At the University of California, San Diego School of Medicine, researchers have been using methods that track eye movements in toddlers. They have noticed that certain toddlers have a predisposition for dynamic geometric patterns than they do social images. This is a behavior that is not seen in typically developing children or even developmentally delayed children. Results show that toddlers with this predisposition may be at-risk for autism.
Karen Pierce, an assistant professor at UCSD Department of Neurosciences states that, “In testing 110 toddlers ages 14 to 42 months, we found that all of the toddlers who spent more than 69 percent of their time fixing their gaze on geometric images could be accurately classified as having an autism spectrum disorder or ASD.”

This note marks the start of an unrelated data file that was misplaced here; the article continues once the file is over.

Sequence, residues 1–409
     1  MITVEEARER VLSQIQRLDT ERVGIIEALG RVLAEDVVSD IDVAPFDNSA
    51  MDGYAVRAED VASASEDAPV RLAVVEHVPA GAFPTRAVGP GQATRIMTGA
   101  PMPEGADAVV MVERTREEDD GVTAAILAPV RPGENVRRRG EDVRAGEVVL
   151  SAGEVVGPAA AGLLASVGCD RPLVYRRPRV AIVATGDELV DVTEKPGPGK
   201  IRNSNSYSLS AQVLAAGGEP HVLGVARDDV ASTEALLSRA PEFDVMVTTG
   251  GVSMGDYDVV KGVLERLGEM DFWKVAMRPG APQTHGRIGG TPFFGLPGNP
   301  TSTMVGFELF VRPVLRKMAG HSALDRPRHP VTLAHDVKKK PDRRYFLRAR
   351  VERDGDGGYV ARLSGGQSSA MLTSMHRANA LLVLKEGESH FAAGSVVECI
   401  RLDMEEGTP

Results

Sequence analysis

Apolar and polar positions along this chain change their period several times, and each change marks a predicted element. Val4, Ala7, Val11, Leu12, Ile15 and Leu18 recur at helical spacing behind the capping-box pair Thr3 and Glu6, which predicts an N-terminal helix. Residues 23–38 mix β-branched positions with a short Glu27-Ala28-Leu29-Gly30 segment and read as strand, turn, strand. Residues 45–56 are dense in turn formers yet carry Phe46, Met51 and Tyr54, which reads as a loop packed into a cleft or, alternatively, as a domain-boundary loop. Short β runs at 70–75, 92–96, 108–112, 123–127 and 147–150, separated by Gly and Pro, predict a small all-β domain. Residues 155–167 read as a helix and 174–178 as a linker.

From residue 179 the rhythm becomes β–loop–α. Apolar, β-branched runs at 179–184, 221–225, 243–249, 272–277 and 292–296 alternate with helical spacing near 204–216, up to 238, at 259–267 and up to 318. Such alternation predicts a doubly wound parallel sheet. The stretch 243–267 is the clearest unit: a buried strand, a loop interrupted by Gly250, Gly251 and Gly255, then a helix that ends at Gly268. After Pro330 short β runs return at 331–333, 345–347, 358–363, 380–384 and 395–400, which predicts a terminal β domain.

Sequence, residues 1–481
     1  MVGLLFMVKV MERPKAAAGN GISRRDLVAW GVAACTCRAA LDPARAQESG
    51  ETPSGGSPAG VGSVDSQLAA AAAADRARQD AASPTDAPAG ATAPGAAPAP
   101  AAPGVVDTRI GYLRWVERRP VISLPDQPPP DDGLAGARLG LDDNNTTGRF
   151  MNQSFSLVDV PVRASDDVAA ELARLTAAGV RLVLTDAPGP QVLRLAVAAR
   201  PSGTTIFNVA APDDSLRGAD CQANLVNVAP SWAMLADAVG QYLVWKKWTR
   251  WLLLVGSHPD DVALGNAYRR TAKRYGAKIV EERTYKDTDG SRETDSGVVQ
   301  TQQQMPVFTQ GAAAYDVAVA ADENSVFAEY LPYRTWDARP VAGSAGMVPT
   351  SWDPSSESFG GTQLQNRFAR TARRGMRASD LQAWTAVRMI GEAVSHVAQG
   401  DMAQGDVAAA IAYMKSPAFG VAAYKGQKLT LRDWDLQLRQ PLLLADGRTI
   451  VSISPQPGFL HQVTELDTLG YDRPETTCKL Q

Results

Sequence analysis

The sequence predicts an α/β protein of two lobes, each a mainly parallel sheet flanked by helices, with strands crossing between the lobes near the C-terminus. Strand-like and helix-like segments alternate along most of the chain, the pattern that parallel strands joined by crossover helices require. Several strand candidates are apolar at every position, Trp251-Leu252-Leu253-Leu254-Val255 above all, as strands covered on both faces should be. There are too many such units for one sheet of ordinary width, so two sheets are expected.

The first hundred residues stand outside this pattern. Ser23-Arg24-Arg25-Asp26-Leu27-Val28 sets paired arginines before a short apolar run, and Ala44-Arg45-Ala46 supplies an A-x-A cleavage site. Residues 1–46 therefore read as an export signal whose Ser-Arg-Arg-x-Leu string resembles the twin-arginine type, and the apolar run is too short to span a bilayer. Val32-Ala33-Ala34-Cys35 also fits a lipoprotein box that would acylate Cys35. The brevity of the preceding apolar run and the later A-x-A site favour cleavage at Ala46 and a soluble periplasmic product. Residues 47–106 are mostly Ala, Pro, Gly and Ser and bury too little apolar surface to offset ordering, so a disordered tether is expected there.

Throughout this study, babies ranging between the ages of 12 and 42 months were placed on their mother’s lap. While seated there, they watched a one-minute movie that contained shapes moving from side to side across the screen and other children performing yoga. These images represent the dynamic geometric images and dynamic social images. Researchers then used an infrared beam to study the amount of time that each baby focused their eye on the various images. It was interesting that babies who suffered from autism were fixated on the geometric images that were not much different than a typical desktop computer screen saver.
This research is critical in early diagnosis of autism of toddlers. An earlier diagnosis means earlier treatment and will also lead to finding a treatment for autism at an even earlier age.